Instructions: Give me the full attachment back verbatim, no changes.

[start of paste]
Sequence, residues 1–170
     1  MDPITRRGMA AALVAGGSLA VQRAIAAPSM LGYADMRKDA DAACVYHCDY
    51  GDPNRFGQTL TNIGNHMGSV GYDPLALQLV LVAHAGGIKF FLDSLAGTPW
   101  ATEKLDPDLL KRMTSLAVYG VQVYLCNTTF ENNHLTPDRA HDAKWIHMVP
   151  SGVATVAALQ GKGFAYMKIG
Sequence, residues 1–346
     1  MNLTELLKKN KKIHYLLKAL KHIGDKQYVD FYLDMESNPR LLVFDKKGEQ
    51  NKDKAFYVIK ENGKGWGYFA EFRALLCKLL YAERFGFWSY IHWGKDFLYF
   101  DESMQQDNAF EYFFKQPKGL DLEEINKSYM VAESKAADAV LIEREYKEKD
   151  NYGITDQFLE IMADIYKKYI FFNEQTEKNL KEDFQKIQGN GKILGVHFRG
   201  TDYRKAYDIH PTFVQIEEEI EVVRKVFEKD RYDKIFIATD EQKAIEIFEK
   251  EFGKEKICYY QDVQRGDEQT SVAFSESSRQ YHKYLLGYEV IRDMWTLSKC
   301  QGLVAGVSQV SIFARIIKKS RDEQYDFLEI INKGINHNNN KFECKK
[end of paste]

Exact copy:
Sequence, residues 1–170
     1  MDPITRRGMA AALVAGGSLA VQRAIAAPSM LGYADMRKDA DAACVYHCDY
    51  GDPNRFGQTL TNIGNHMGSV GYDPLALQLV LVAHAGGIKF FLDSLAGTPW
   101  ATEKLDPDLL KRMTSLAVYG VQVYLCNTTF ENNHLTPDRA HDAKWIHMVP
   151  SGVATVAALQ GKGFAYMKIG
Sequence, residues 1–346
     1  MNLTELLKKN KKIHYLLKAL KHIGDKQYVD FYLDMESNPR LLVFDKKGEQ
    51  NKDKAFYVIK ENGKGWGYFA EFRALLCKLL YAERFGFWSY IHWGKDFLYF
   101  DESMQQDNAF EYFFKQPKGL DLEEINKSYM VAESKAADAV LIEREYKEKD
   151  NYGITDQFLE IMADIYKKYI FFNEQTEKNL KEDFQKIQGN GKILGVHFRG
   201  TDYRKAYDIH PTFVQIEEEI EVVRKVFEKD RYDKIFIATD EQKAIEIFEK
   251  EFGKEKICYY QDVQRGDEQT SVAFSESSRQ YHKYLLGYEV IRDMWTLSKC
   301  QGLVAGVSQV SIFARIIKKS RDEQYDFLEI INKGINHNNN KFECKK